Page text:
Life actually lived rather than frozen in the amber of speculative thought – Edward Mooney, Kierkegaard, faith, and love

Posted in Uncategorized by dilettanteventures on 08/01/2013

Excursions with Kierkegaard: Others, Goods, Death, and Final Faith – Reviewed by Jeffrey Hanson

His book is fit for the educated person still open to wonder and a tonic for the academician whose passion has been dulled by bureaucracy and careerism, who has sold her birthright as a teacher in exchange for being — to use a Kierkegaardian term of ridicule — an assistant professor. And his book is for those who still feel the call to which the existentialist once responded: the whispered summons to traipse the wilderness rather than trace yet again the well-worn path to and from the office. Many of Mooney’s metaphors are drawn from the activity of walking and taking in landscapes — if he isn’t a walker himself like his beloved Kierkegaard (or Thoreau, whom he also admires), then he is to be congratulated for his fictive inventiveness, because his imagery strikes the reader as one that is born from life. Indeed, the many meditations in this text positively wriggle with the vitality of the first-hand, like a bucket of eels drawn from a sun-spangled river. Readers expecting a technical account of anything at all will be disappointed. Excursions with Kierkegaard is what its title suggests: more travelogue than treatise. And his companion on the way is lovingly and vividly rendered, a wry Virgil to any Dante who picks up this book. Kierkegaard appears here as by turns sober and wry, difficult and winsome, a poet, a preacher, a prophet, an ironic carnival barker, an astute observer, a friend to the man on the street and a guest of the king, a bon vivant and a Christian, a confidant and critic.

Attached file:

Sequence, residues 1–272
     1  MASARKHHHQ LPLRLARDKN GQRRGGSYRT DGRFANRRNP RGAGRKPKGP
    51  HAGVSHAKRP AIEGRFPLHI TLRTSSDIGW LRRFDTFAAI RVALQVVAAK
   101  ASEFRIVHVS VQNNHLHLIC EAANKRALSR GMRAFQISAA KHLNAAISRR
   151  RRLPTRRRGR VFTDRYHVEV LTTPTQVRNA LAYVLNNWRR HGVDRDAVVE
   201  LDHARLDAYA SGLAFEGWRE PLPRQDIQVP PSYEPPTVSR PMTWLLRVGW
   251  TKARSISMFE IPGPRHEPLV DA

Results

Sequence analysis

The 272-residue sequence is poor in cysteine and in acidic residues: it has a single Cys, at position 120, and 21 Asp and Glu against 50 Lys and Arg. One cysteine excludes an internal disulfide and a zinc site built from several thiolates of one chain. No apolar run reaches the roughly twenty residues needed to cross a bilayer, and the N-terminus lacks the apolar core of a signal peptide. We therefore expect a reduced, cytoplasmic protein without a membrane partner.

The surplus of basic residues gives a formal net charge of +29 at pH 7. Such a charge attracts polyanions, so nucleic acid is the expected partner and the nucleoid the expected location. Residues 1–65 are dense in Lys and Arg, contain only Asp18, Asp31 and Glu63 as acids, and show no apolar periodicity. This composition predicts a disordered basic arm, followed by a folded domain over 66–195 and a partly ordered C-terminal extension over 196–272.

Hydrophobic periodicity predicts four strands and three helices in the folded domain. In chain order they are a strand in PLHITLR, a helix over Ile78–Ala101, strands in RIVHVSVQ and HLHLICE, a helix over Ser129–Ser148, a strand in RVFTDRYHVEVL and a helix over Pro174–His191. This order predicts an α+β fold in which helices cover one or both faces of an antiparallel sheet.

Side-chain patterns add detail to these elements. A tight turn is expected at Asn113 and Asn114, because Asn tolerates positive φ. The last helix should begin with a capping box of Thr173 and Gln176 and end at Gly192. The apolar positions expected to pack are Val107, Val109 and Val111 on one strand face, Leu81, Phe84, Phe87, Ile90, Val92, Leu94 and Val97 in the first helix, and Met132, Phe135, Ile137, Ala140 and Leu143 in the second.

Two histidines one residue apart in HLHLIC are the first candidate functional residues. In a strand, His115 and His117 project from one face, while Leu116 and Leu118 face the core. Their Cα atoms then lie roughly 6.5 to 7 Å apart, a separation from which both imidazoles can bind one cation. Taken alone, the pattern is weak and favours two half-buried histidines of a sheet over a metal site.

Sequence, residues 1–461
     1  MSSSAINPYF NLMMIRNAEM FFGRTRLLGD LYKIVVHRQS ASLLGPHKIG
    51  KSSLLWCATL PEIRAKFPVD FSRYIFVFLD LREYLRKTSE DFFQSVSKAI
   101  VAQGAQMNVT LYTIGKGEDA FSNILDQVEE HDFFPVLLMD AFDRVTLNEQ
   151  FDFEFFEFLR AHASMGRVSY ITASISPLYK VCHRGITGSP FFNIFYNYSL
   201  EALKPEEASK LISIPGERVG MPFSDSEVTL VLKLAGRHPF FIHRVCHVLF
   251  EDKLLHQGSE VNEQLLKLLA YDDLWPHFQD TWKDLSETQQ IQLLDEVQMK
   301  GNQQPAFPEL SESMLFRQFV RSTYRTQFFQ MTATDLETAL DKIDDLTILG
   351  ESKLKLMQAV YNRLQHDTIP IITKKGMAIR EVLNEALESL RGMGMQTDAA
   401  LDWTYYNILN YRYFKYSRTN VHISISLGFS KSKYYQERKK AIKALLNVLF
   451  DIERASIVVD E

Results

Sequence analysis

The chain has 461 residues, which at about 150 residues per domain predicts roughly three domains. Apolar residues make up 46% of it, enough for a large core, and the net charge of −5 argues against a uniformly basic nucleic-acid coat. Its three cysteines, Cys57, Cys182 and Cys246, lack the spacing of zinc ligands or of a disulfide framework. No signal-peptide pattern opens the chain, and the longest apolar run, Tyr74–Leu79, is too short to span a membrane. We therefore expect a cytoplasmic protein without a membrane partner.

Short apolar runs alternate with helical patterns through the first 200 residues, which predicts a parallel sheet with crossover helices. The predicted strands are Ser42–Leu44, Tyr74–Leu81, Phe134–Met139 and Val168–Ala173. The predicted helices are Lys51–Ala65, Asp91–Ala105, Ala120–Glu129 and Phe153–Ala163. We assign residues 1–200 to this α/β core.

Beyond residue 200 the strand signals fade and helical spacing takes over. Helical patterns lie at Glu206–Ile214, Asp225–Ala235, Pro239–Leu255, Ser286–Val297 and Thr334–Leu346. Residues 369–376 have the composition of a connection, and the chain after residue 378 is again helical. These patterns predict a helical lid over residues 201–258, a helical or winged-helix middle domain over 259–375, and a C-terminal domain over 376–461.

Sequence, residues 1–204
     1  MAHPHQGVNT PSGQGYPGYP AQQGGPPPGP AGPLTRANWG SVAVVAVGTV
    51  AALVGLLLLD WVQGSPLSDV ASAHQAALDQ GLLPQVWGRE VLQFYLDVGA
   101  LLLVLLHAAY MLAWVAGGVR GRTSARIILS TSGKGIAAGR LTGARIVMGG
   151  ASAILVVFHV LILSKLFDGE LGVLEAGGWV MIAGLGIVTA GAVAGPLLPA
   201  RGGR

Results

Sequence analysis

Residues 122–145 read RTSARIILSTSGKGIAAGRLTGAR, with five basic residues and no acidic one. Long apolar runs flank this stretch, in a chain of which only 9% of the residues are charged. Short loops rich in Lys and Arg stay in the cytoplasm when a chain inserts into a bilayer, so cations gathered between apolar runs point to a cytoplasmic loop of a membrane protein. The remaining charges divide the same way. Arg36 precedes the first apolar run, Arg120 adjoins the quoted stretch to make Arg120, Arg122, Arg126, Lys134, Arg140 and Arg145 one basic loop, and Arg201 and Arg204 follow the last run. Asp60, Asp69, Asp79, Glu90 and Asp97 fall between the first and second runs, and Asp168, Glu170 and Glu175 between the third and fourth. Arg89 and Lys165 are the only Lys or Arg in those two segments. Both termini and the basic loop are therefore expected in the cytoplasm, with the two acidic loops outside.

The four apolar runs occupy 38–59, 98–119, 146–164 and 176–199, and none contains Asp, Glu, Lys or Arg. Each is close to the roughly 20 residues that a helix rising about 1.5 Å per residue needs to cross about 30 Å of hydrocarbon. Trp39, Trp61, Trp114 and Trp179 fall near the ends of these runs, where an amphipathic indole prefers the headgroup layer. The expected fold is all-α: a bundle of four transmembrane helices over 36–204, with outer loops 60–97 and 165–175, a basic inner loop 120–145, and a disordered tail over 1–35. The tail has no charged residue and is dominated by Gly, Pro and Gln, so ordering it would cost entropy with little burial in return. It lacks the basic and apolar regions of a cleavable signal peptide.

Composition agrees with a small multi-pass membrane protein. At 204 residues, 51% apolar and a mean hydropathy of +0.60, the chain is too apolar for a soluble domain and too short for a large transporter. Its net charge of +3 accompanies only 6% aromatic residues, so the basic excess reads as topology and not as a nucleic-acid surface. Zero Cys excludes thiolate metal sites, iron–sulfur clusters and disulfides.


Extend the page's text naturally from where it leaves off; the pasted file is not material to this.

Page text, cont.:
This ambivalence is part of the character of our experience, and Mooney seems to appreciate that. Reason goes weak in the knees when it falls in love because in love the giving of reasons rings hollow: Imagine a marriage proposal prefaced by a list of “Things I Really Like about You.” If Mooney is right (and I think he is) that love thrives where reasons leave off, then that is not because our experience just is equivocal and various means and attunements might disclose this but because this is the way love is, and love being what it is renders all experience equivocal. If God is non-metaphorical love par excellence, and I think for Kierkegaard God is, then the aesthetic approach, for all its beauty and splendor, needs the religious to rescue it. Mooney’s poetics are not incompatible with the religious — far from it — but it might help to be a bit clearer that while for Kierkegaard faith without poetics is inconceivable, poetics without faith is unsustainable.

Again it is Mooney’s vision that causes us to see Kierkegaard anew, and, as he would admit, no one has an unobstructed vista on the panorama of truth. If he brings us to a new vision, he does so not by force of syllogism but by inviting us to take up a strange and strained perspective. To ask for this fuzziness to be brought to perfect clarity would betray both Mooney’s characteristic tenor and the point of what he wants to convey, which is in no small part that for Kierkegaard ambiguity, openness, and subjective shading are endemic to life actually lived rather than frozen in the amber of speculative thought.

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